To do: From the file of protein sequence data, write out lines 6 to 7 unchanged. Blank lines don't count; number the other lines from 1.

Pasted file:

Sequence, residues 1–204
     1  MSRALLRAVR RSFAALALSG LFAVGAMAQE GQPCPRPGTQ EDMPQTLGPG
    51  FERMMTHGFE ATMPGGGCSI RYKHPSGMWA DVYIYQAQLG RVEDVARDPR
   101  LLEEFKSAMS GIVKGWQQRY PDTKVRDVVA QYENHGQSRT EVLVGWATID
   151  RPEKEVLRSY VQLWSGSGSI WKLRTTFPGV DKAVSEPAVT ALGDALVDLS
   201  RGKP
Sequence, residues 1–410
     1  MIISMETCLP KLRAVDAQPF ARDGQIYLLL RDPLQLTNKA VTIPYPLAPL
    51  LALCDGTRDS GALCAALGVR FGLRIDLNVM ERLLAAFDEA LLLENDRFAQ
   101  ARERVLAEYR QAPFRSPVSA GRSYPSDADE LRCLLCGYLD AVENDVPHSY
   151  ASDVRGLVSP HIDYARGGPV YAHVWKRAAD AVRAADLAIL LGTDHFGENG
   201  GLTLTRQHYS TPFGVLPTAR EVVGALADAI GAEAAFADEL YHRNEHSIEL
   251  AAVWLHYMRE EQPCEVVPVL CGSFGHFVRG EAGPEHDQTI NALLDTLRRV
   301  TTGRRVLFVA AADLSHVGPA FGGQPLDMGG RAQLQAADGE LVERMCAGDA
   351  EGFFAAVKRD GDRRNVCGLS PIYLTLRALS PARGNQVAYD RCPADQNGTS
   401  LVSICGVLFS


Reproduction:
   201  RGKP
Sequence, residues 1–410